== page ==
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The politics of folly, the futility of politics

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AS WE PREPARE for the annual parliamentary Budget Debate in the House of Assembly, there are already signs that the context will be an all-too-familiar one, confrontation between opposing sides as they make their preparations for what seems to be their major reason for existence – the next general elections.

With the Government and public sector unions at odds, (that always seems to be the case as we approach elections), the Opposition has already indicated that it would join the unions in a picket of Parliament. So, what’s new?

Here, I beg your indulgence to offer congratulations to the newly- appointed opposition Senator, Hon. Israel Bruce on his appointment to the House, to wish him all the best and to urge him to try and bring a different approach to the parliamentary proceedings. He has been “long in the pasture” as the saying goes, having had to subsume his ambitions to those of others who have won favour with the party leadership.

Can he bring something different to the parliamentary table or are we to have more of the same? Time will tell.

The intense partisanship which characterises our politics is not unique to our country alone. In countries big and small, rich and poor, developed and underdeveloped, this is common practice. As a result, billions of people in the world suffer as politicians place their own selfish interests and those of the powerful forces which either support them or force them to do their will, before the welfare of the people they pledge to serve.

Just take a quick look around the globe and you will observe where selfish interests and partisan political rivalry take precedence over common sense and the interests of the mass of the people.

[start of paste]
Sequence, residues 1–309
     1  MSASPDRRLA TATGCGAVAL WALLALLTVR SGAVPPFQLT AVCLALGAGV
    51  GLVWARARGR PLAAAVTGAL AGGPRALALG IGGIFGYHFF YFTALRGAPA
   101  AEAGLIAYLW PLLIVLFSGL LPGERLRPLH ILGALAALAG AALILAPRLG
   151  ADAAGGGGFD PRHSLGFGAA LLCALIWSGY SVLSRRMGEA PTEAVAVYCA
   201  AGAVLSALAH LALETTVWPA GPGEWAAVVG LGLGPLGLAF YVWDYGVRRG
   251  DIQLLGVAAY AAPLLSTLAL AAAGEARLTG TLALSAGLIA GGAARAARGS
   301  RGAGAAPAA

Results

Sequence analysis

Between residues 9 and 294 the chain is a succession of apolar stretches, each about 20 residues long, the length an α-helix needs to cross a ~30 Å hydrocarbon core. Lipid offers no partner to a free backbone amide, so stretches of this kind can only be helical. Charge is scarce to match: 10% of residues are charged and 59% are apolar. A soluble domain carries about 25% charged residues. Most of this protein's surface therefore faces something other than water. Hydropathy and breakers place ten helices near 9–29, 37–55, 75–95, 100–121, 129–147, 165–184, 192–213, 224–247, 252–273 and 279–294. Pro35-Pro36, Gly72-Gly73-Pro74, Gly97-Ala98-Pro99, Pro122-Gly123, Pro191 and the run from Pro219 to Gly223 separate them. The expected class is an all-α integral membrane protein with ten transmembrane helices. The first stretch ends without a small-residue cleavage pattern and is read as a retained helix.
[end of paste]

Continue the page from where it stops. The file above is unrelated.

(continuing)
There is perhaps no better example than in the United States of America (USA) where not only is there a shutdown of government because of the selfishness of a President, but the system itself seems incapable of breaking the deadlock. As a consequence, hundreds of thousands of working people are suffering. The figurative Rome is burning while the modern Nero twiddles his well-groomed thumbs.

On the other side of the Atlantic, hundreds of millions more face an uncertain future as the clock runs out on the Brexit timetable. Two months away from the deadline for Britain to leave the European Union (EU) there is still no clear indication of what will happen post-March 29.

Political partisanship clouded the British referendum in 2016, as indeed it influenced our own constitutional referendum seven years before, and up until today neither ‘All the king’s horses nor all the king’s men” have been able to put Humpty-dumpty” (Britain) together again.

What is even more worrying is that this situation does not affect the Europeans or British people alone. Hundreds of millions of people in the so-called ACP (Africa, Caribbean and Pacific) countries are linked to both sides by trade and economic co-operation agreements. The terms under which Britain leaves the EU will have profound implications for these people. Unfortunately while the political charade is played out in Brussels and London, there does not seem to be an appropriate level of concern in ACP countries, the Caribbean in particular, in advocacy to try and secure adequate post-Brexit arrangements.

That lack of cohesion is also demonstrated by the failure of the Caribbean Community, CARICOM, to act in unison in regard to external threats to the sovereignty of neighbouring Venezuela. Not only is Venezuela very much a part of the Caribbean basin, (it is closer to Trinidad than either Guyana or Suriname), but for years it has benefitted tangibly from economic relations with Venezuela. These benefits have multiplied significantly since the days of the late President Hugo Chavez and have continued, in spite of crippling economic sanctions, under President Maduro.

Yet CARICOM has allowed itself to be divided under pressure from its powerful northern neighbour, which, incidentally, has not rendered half the assistance to the Caribbean as the region receives from Venezuela, and one beneficiary is even in the process of expropriating Venezuelan assets. Others have joined the right-wing bandwagon which seeks to seek approval for armed intervention in Guyana.

At the regional level, we cannot even find common ground on a matter of fundamental importance to us all. That is the degree to which politics serves to divide us rather than binding us together to defend common interests.

(TO BE CONTINUED)

● Renwick Rose is a community activist and social comm entator.

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